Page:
Defining The Problem: Using Data And Insights For Upfront Product Success

Knowledge / Inspiration

Defining The Problem: Using Data And Insights For Upfront Product Success

Product Direction
UXDX Europe 2018
  • Understanding the customer and their needs
  • Mitigating product roadmap risks from the outset
  • Rapid conceptualisation: Ensuring you have the right processes in place for building and scaling at speed
  • Aligning engineering, marketing and sales teams

DEFINING THE PROBLEM USING DATA AND INSIGHTS FOR UPFRONT PRODUCT SUCCESS

SPEAKER 1
Okay, great. So, I think we've got a lot of people in the audience, obviously, who work on products, and spend a lot of time really focused on how they can build features and new technologies into their products. And jobs to be done are a little bit different because it focuses teams, product teams, and marketing and sales teams on the customer's job. So, since you have a lot of experience on it, my first question is what interested you as a product executive in jobs to be done?
SPEAKER 2
Yeah, I think there were a few things, Jay, I think first, when we think about jobs to be done, if anybody is familiar with it, it's a needs first methodology. And I know that seems very obvious. But a lot of times, when you're doing customer research and trying to understand customers, you'll look into things like psychographics, or life stage or lifestyle. And these can become important variables when you're considering your design and your implementation of your product. But you really need to start with the customer problem. First, jobs to be done break it down with high fidelity into 60 or 80 needs and those actions become variables that you can use. So, I think that's the first thing. I think secondly, what I really liked about it, it is highly actionable.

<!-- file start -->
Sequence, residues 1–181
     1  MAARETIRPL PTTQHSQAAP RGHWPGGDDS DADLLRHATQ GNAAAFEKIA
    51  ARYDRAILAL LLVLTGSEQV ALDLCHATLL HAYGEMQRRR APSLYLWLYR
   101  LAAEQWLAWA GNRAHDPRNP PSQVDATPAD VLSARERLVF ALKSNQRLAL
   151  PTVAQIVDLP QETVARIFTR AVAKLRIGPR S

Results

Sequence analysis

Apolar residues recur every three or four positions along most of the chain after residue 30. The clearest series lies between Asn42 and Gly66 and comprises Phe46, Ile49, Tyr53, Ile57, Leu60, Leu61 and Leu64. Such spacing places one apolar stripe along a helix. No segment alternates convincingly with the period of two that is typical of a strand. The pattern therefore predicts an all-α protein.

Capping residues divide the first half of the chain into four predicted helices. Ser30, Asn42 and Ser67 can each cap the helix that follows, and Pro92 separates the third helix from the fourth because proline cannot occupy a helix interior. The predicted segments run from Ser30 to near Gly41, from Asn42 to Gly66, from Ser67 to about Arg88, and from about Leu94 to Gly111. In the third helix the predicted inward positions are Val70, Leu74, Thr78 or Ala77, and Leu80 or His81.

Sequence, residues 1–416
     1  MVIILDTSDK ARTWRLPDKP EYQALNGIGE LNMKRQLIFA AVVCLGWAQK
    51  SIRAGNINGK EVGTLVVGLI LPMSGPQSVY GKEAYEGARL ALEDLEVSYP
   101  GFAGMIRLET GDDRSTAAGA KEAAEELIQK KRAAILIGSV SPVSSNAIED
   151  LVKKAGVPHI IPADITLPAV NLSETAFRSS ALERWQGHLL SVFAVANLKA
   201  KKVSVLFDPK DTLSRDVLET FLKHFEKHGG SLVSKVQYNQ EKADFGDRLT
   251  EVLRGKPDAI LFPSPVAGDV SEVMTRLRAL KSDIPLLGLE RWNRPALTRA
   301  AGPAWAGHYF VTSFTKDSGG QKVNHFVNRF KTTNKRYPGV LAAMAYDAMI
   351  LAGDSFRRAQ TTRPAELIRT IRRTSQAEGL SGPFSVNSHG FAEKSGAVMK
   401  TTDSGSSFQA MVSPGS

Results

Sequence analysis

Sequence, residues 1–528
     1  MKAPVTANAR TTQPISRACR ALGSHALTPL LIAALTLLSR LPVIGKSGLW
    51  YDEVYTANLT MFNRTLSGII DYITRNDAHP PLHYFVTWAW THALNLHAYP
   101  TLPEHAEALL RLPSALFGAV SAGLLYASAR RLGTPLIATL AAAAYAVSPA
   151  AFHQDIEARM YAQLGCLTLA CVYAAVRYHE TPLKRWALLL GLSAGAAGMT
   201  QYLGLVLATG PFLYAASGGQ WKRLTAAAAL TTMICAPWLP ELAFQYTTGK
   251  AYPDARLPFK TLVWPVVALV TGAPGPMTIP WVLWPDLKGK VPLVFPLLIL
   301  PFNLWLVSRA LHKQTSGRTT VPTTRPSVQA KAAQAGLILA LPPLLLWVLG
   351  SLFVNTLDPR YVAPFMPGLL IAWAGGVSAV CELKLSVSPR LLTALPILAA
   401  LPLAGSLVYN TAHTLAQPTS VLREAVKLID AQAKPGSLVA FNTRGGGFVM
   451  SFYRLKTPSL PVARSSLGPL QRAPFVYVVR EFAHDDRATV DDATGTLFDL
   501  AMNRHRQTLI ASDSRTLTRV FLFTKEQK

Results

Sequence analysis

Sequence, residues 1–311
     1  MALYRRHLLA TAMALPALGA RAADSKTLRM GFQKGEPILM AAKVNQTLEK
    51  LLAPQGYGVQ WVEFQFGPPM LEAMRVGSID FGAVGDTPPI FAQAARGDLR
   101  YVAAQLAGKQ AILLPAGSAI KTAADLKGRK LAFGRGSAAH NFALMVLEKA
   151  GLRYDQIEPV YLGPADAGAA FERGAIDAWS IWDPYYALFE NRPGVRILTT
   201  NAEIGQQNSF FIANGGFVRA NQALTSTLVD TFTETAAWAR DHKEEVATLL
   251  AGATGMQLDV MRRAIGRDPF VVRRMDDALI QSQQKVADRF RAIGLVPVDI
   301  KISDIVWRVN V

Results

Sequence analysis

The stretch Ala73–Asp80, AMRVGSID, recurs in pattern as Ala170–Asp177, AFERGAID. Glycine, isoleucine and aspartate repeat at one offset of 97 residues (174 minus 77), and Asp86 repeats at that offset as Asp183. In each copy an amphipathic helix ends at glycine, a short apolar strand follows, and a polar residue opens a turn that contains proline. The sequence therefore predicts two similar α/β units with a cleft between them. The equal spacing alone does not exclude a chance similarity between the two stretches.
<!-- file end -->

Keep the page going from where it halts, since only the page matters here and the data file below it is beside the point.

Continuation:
So, you know, one of the other challenges with customer research, is you might get an output, but then you take a need to your dev team. And if you describe a psychographic need or lifestyle the dev teams thinks ok what do I do with that. And so, jobs done really seek to get highly functional and prescriptive around those needs. So, you actually can take action against it. And teams can say, okay, now I understand how to develop a solution to that very specific problem. And I think the third thing is, it's a methodology, and methodologies live on their applications of theory that you can iterate and improve on. A lot of times customer research ends up as a PowerPoint, or I guess, these days in a Dropbox or OneDrive somewhere. And it never really gets used, it's really kind of a reference document. And jobs to be done is something that integrates both UX, Dev and product teams together. And really, it becomes part of the culture. And I think that is probably the thing that attracted me most to it.